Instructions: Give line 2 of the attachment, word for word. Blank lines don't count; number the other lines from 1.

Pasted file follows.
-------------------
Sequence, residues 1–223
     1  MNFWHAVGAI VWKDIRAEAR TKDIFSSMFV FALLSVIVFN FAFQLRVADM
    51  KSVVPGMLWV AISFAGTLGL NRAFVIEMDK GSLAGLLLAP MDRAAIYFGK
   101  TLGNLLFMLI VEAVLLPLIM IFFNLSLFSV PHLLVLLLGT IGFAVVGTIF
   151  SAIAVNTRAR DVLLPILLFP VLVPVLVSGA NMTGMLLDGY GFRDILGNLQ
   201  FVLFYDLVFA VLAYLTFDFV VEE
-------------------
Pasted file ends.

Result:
     1  MNFWHAVGAI VWKDIRAEAR TKDIFSSMFV FALLSVIVFN FAFQLRVADM